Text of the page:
Shelli DeRobertis 9:19 p.m., May 22
The Children’s Advocacy Institute, operating out of University of San Diego’s School of Law, has released the second edition of its State Secrecy and Child Deaths in the U.S. report.
The study “grades all fifty states and the District of Columbia on their laws and regulations pertaining to public disclosure of child abuse or neglect deaths and near deaths,” ranking each jurisdiction on an A-through-F scale based on several criteria.
“The federal government has determined that the good that can be gained from disclosing information about child abuse or neglect deaths or near deaths will exceed any potential harm or embarrassment that some individuals might experience as a result,” say the report’s authors, noting that the federal Child Abuse Prevention and Training Act mandates that “cases where child abuse and neglect leads or contributes to a fatality or near fatality must be made public so that they can be examined to identify needed systemic reform.” All 50 states as well as D.C. received funding under the Act as of 2012.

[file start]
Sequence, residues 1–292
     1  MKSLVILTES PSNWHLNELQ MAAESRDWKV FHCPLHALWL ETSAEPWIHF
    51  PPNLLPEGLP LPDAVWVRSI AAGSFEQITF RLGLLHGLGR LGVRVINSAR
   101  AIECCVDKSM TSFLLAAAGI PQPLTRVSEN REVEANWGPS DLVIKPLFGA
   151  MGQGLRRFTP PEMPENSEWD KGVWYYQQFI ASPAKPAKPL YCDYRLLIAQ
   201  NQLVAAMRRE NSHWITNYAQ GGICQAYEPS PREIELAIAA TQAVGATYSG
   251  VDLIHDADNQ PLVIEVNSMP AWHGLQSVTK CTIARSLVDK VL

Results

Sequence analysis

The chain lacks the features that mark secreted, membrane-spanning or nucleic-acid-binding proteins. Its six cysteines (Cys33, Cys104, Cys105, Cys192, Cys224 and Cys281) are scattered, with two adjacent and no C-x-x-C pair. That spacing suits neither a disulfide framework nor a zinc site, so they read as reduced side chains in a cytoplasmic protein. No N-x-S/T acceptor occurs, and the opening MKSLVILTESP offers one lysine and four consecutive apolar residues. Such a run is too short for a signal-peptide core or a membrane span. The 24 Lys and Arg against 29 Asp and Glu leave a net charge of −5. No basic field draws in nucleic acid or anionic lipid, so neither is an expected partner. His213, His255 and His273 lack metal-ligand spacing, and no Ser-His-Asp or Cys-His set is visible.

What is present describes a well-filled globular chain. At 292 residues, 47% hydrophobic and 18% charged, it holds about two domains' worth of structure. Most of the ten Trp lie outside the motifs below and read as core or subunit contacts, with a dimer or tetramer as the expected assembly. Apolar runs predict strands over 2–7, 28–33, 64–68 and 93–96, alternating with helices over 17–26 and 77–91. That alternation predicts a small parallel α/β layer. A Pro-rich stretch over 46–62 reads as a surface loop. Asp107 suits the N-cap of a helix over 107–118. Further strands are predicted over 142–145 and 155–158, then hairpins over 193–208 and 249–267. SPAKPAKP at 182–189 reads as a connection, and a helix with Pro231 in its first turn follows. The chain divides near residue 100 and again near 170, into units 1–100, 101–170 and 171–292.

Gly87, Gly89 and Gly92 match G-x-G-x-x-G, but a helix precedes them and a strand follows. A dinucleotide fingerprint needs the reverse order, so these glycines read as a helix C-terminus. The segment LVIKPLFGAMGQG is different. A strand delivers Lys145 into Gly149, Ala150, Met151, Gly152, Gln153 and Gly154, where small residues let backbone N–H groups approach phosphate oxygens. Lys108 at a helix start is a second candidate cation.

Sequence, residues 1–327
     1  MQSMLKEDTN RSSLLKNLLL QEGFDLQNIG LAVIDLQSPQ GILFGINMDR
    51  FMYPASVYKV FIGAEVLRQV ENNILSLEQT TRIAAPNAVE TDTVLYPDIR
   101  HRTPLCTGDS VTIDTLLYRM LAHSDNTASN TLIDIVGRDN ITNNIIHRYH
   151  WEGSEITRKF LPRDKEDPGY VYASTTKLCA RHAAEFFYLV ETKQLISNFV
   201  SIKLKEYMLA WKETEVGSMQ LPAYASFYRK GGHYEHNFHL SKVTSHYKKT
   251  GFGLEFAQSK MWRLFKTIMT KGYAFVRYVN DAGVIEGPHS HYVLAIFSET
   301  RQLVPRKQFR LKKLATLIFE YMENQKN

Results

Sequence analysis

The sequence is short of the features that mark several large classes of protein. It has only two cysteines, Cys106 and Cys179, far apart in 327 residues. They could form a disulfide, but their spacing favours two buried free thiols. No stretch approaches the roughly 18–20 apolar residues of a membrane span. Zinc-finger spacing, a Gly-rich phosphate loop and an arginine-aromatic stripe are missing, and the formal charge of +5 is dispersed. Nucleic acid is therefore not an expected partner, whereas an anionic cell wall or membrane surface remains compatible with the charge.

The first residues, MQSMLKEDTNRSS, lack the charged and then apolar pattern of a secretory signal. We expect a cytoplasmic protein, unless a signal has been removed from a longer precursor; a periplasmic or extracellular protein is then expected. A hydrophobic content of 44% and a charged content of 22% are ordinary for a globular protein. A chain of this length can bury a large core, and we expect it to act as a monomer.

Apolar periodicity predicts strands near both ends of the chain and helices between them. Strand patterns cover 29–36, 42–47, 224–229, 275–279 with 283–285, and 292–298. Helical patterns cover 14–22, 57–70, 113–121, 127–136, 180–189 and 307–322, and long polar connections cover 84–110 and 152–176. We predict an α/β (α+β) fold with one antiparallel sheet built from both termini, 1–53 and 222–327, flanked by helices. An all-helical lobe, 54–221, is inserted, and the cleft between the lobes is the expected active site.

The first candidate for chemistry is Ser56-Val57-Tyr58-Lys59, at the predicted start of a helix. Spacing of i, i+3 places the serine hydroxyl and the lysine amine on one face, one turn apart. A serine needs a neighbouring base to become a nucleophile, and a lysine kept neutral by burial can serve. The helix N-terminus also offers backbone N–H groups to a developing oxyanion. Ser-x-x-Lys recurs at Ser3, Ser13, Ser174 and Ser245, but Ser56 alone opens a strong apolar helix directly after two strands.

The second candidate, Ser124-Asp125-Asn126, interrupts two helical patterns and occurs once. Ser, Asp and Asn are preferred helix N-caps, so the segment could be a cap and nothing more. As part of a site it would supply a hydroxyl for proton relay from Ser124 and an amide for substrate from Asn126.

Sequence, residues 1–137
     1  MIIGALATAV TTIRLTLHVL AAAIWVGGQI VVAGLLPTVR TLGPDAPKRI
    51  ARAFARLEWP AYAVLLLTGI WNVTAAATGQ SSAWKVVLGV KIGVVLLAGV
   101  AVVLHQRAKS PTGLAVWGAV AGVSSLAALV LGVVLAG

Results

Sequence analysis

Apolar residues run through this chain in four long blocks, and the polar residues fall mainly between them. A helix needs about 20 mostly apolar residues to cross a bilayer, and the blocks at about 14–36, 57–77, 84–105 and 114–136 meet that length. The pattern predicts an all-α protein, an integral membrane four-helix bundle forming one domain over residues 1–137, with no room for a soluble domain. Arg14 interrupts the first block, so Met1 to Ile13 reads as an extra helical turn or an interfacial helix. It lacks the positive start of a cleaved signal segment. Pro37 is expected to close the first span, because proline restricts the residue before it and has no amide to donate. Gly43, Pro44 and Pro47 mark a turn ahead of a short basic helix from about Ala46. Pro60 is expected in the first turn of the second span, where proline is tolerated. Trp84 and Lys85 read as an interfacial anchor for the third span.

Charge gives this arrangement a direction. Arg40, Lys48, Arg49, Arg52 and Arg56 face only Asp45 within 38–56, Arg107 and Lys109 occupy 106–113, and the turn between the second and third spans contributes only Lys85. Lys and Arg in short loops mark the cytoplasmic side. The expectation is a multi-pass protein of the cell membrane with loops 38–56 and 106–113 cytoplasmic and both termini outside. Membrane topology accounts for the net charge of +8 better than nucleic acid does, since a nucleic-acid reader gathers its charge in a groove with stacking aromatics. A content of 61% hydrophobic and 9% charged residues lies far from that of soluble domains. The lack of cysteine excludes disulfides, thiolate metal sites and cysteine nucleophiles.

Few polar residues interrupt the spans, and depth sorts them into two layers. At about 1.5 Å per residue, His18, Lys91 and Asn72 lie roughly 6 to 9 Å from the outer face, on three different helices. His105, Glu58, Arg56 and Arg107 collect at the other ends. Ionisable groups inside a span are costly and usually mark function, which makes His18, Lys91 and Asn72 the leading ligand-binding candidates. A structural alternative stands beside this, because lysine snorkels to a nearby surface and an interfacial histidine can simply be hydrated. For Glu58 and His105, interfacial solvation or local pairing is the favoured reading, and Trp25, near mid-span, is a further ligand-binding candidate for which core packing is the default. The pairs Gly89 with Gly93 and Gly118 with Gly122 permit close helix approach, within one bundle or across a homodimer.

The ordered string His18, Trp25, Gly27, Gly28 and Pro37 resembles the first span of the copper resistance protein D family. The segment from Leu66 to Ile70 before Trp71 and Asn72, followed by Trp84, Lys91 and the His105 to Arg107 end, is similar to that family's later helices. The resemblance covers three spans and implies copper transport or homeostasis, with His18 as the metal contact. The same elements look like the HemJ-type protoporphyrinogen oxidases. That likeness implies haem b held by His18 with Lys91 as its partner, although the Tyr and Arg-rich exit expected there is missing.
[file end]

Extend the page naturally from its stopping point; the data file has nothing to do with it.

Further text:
California, according to the report, has taken a step backward, falling from an A-minus score of 92 in the 2008 first edition to a C-plus score of 79 in the 2012 update.
While the state does have a policy concerning public disclosure relating to findings of child abuse or neglect that results in fatality or near fatality, California loses points for ease of access to information.
Further points are deducted due to a lack of transparency in child abuse/neglect proceedings. Unless a parent or guardian has consented or a child in question has made a request to open proceedings, the public is barred from all juvenile court proceedings, including in cases of alleged abuse.
Overall, California tied with North Dakota and New Jersey for 31st on the list of 51. Arizona, Indiana, Nevada, and Pennsylvania earned top rankings with A-plus scores, and Montana received the sole F grade on the list.